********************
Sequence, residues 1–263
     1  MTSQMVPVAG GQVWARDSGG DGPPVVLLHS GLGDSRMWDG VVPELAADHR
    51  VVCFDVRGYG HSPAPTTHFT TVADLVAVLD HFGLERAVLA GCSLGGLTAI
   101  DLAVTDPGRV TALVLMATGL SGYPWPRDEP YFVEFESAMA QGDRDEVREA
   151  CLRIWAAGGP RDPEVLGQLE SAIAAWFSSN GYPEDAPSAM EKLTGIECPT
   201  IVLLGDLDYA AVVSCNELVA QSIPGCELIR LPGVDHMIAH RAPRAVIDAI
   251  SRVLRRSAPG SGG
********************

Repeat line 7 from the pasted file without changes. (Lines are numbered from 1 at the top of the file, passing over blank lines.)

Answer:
   251  SRVLRRSAPG SGG